Britannica has one T…Britannica has one T…Britannica has one T… and two Ns. >sigh< Yes, I am dyslexic. Really.
Last week’s announcement that Encyclopedia Britannica would cease publication of its paper edition inspired a number of eulogies from book lovers. The cessation of their production affirms to many bibliophiles that the family bookshelf as an accoutrement to every home could become a thing of the past.
The earliest known encyclopedia in the West was written by Pliny the elder and published a little north of two thousand years ago. Naturalis Historia read more like a linear narrative than what we think of as an encyclopedia. The ordered, journalistic entries of information would develop sometime around the eighteenth century. They were originally intended by some publishers to be companion volumes to dictionaries. Many of the earliest versions were contained in a single book. As publishing technology evolved, the production of encyclopedias often employed materials and technologies that made them not only the most information-rich texts in a collection, but the most materially luxurious as well.
By the 1920s’, the price tag of multi-volume sets were slightly more affordable but still out of reach for most families, thus putting them in the category of luxury items for the relatively wealthy and academics who could take advantage of educators’ discounts. School children learned to love or loathe being sent to the reference section of their institution’s libraries to ferret out information on earthworms or Abraham Lincoln or the primary industries of Saskatchewan. Those volumes, primly shelved in their correct sequence, often bound in sedate blacks and maroons and hunter greens, belied the happy intellectual journeys they contained. Flags would lead to a surprisingly interesting entry on flies and then the colourful section on Florida would bring on a need to look up alligators and pirates and the Seminole People.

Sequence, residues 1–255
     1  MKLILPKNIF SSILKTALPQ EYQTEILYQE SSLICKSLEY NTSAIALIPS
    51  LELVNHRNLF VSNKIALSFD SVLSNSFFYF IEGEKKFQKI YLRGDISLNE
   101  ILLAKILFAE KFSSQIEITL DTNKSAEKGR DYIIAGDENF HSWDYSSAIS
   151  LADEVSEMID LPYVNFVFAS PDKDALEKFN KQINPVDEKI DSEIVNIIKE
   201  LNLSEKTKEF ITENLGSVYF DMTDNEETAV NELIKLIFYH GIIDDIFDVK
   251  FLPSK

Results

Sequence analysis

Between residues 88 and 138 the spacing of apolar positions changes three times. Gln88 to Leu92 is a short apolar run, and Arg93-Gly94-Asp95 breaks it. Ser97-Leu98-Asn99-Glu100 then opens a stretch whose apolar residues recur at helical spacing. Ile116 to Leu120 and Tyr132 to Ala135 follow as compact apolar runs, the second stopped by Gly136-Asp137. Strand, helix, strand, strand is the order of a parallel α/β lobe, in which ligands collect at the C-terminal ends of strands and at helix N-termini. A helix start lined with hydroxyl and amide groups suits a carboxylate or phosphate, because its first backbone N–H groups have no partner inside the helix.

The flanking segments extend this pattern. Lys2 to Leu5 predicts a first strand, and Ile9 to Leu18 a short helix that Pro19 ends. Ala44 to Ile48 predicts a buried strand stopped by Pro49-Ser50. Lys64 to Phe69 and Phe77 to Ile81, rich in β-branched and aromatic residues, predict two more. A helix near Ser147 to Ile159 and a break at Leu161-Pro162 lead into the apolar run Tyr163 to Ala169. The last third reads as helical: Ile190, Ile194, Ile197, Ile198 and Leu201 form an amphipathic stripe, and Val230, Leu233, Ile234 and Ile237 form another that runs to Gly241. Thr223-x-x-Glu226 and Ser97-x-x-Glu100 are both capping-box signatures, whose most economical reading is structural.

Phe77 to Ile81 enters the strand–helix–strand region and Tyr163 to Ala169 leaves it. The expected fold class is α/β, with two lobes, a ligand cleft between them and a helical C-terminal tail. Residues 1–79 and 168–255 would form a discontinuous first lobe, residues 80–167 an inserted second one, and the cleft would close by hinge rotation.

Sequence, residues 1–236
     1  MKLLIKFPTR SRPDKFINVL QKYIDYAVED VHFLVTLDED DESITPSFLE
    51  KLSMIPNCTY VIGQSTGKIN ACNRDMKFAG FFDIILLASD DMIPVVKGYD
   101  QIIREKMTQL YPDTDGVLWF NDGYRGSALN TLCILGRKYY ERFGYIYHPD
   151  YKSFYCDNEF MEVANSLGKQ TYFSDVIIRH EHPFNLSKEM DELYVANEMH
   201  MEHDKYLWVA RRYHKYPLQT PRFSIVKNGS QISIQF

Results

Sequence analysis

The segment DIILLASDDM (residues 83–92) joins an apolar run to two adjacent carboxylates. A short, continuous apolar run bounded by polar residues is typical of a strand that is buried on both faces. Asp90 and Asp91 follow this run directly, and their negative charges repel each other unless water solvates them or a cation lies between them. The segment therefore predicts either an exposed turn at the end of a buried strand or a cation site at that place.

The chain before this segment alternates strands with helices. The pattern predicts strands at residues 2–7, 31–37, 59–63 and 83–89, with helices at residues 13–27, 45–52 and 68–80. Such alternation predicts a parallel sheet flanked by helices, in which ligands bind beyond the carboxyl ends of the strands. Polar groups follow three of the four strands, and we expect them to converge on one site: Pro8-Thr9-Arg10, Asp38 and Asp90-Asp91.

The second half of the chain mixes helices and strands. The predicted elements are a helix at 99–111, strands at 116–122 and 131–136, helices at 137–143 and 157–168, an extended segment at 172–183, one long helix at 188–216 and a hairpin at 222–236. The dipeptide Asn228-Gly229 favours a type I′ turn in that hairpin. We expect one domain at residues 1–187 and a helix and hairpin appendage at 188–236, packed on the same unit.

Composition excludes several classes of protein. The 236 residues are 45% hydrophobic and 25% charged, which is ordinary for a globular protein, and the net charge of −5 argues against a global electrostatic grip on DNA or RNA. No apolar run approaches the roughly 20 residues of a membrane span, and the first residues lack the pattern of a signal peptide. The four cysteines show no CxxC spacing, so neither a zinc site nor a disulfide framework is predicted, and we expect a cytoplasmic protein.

The post World War II economic boom created a new category of consumers who had more disposable income and a desire to acquire goods that their parents would have never considered owning. The fifties and sixties were marked by a number of industries taking their marketing from the showroom and office to the expanding suburbs. Encyclopedia salesmen canvassed neighbourhoods, carrying sample volumes and touting their brand of books as the key to every child’s academic success. All it took was for Mom and Dad to sign on the dotted line and a few weeks later either a large box containing all of the books -or the first installment of them- would arrive, sometimes with a complimentary shelf to hold them all.
As the industry grew, marketing expanded to reach a wider diversity of consumers. Britannica was one of a few imprints that inhabited the high end of the encyclopedia trade. In the middling range were Colliers, Comptons, World Book and Encyclopedia Americana. The leaner times that marked the latter half of the last century brought about the introduction of less expensive sets, often sold in installments at grocery stores. Some of these sets were comprised of content that was no longer under copyright protection. Others were stripped down versions of the more expensive editions.
Just as video surely killed the radio star (and reality TV killed any hope of finding five contiguous minutes of music on MTV); the internet dealt the fatal parry and thrust to the concept of the encyclopedia as the final authority on anything. Information that could be years old was replaced by the lightning fast transmission of facts about a given subject via online news outlets, the redoubtable Wikipedia and subscription-based access to Britannica. The ability to keep information up to date has been a boon for scholars and researchers.
The yin to the internet’s yang of currency is attention to accuracy and the particular literary voice that made some of these resources so distinctive. Seeking out an obscure point of data can still lead to some interesting trips down intellectual rabbit holes. It can also lead to a frustrating echo chamber where a piece of information can be transmitted from one source to another and the researcher ends up on a moebius loop of citations circling back on themselves without offering any further insight into the subject.
The obsolescence of the encyclopedia as a static source of information means the loss of words and images that can be revisited again and again as one matures. It is a sign that our relationship with books is changing. Paper is getting dearer, money is short for many and the digital publishing revolution answers the need for content without further taxing either limited resource. For book lovers of a certain age, the death of the paper encyclopedia creates a shelf-shaped hole in their notion of what a household library should contain. The idea that another generation may not carry memories of happy hours spent wandering from article to article, paging past pictures and phrases that will stay burned into memory decades later is a little sad. Then again, monks and clerics probably mourned the loss of lovely, hand-lettered tomes when that punk Gutenberg started cranking out pages at a rate that must have seemed like magic at the time.